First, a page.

If you’re an old hand at vegetable gardening, then you’re well aware that sometimes the best laid plans can go awry. When gardening, we’re dealing with Mother Nature and no matter how vigilant you are, she’s bound to throw you a curve ball. Sometimes, it seems as if it isn’t one thing it’s another. Here are the top 10 vegetable garden problems and fixes you’re likely to come across:
1. Pests – I have to put pests at number one because they drive me nuts. I don’t use pesticides, so I always have something that has an unwelcome guest or two. There are certain things that can help though. Floating row covers, homemade pest spray, attracting beneficial insects, hand picking and companion planting will all help to manage pests in the garden. That said, keep in mind that only rarely in cases of severe infestation do pests do much damage. Sometimes, you just have to live with them.
2. Diseases – The list is almost endless but the basic rules of thumb to thwart diseases are to plant disease resistant cultivars when possible, practice good sanitation in the garden, avoid overhead watering, give plants enough space, keep the area around the plants weed free, practice crop rotation, and keep the plants from experiencing stress by keeping them on a regular fertilizing and watering schedule.
3. Weeds – I try to keep up on the weeds but sometimes they get away with me. Once solution is to lay down a weed barrier fabric prior to planting. Just snip a hole in the fabric to transplant the seedling. Then follow up by mulching, which will also reduce weeds.
4. Improper Water – Drought stress or sodden conditions foster diseases. Don’t water overhead and, when possible, water in the early morning. Use a drip line on a timer to make sure you are consistent with irrigation and that the water is going to the roots of the plants.
5. Sunscald – Use shade cloth or something similar to protect the plants from the hot sun.
6. Bolting Greens – Lettuce and other greens will bolt when temperatures heat up, indicting to the plant that it is time to flower and go to seed. Look for cultivars that are less likely to bolt, start seeds inside so you get a jump start on the growing season, and plant the crop in an area of morning sun with partial shade the rest of the day.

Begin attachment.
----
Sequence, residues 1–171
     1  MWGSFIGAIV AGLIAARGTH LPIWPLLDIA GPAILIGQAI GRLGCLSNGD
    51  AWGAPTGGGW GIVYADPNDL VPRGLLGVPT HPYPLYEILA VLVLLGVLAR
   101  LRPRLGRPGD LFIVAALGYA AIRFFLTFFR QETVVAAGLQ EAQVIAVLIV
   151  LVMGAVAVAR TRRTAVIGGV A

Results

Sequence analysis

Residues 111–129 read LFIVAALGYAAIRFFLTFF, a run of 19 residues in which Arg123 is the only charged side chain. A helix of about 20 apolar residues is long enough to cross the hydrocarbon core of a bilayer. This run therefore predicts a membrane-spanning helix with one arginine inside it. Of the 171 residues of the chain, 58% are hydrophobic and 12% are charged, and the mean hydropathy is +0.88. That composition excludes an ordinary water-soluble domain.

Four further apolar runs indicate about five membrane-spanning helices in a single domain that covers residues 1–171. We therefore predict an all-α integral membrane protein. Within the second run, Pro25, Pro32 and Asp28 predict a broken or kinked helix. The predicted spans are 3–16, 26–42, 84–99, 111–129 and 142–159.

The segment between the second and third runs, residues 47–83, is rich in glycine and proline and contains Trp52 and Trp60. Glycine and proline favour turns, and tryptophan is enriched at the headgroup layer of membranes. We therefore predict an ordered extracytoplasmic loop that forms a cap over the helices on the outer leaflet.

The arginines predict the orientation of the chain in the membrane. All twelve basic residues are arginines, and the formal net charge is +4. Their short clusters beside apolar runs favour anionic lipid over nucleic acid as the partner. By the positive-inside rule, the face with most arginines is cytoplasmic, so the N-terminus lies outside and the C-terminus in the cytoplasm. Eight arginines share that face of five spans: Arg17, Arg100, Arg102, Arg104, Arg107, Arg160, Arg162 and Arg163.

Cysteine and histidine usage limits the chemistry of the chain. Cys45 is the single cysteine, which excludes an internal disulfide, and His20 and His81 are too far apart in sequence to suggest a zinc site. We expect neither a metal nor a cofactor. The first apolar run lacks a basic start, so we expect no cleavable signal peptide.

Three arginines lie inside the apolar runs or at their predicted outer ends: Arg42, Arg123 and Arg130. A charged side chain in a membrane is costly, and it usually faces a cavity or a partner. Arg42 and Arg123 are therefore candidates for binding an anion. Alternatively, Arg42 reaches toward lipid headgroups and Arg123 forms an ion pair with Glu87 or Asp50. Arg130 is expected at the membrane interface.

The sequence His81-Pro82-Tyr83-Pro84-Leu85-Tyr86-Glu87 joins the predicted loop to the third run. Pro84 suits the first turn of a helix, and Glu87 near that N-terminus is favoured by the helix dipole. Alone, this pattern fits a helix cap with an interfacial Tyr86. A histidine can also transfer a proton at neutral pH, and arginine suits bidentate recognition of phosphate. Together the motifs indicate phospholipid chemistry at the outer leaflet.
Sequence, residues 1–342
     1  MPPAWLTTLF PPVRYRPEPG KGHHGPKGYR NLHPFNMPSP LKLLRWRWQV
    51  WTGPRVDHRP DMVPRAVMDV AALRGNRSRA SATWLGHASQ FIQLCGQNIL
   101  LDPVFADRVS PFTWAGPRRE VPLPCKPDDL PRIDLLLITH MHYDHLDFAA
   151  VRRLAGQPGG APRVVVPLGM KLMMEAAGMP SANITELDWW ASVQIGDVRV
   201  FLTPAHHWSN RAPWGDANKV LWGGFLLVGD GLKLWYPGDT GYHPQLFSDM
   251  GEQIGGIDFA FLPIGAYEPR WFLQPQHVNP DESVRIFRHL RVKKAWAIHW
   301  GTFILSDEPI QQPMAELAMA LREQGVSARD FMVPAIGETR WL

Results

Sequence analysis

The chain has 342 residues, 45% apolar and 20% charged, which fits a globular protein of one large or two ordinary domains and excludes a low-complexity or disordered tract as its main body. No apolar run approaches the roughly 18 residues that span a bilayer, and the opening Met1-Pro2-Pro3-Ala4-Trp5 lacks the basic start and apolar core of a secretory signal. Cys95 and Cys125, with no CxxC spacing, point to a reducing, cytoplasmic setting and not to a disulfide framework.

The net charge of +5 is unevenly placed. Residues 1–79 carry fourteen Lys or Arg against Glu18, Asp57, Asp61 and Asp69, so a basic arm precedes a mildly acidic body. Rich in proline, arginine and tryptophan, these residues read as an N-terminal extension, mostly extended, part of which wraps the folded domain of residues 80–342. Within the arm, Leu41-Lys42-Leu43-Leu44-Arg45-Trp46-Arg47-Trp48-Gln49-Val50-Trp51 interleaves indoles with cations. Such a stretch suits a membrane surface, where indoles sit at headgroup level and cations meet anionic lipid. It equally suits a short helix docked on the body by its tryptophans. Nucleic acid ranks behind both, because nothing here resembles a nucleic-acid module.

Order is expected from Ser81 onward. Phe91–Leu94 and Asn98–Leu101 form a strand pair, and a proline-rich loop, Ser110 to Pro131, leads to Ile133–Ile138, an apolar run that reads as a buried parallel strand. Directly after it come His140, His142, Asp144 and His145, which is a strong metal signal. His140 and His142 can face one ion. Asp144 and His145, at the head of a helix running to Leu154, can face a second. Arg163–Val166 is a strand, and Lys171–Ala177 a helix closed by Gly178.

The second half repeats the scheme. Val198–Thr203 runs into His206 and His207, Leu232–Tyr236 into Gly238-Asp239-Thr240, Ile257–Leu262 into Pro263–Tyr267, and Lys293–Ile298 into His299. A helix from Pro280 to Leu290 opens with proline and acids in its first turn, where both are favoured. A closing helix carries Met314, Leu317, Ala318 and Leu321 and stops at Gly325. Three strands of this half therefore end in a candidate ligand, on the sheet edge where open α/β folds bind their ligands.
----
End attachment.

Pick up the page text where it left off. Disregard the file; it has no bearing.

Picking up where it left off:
7. Aphids – Yes, I know I put down pests, but aphids belong in a special category simply because it seems they don’t discriminate and will infest almost any plant in the garden. A strong stream of water from the garden hose will damage and knock off a majority of these pests. Plants can also be grown under row covers, or if that isn’t convenient, aphids have a number of natural predators, so do your best to attract them. Plant mint, fennel, dill, and yarrow to attract beneficial insects such as ladybugs to the garden.
8. Deer – These ruminants like to nibble on your prized veggies and other tender plants in the garden. It can be frustrating to go up against a hungry deer. There’s always fencing and literally dozens of suggestions from coyote urine to moth balls to deter the deer. Or you can give in and only plant annuals and perennials that deer aren’t interested in. Lists of these can be found on the internet.
9. Early Frost – When the weatherman says temps are going to dip enough to see some frost, it’s time to protect the garden. Place old buckets or milk jugs over susceptible plants. Drape sheets over stakes to cover larger areas. If you have not mulched, now is the time to. Spread 2-3 inches (5-8 cm.) of mulch around the plants or cover them with straw to protect them from the cold.
10. Lack of Fruit – Most plants fail to fruit for three reasons: frost damage, lack of pollination and insect damage. It’s important to determine what might be the reason for a lack of fruit in order to solve the problem. For instance, if the plant is lacking in pollination, hand pollinating might be in order or planting flowers nearby that encourage pollinators.
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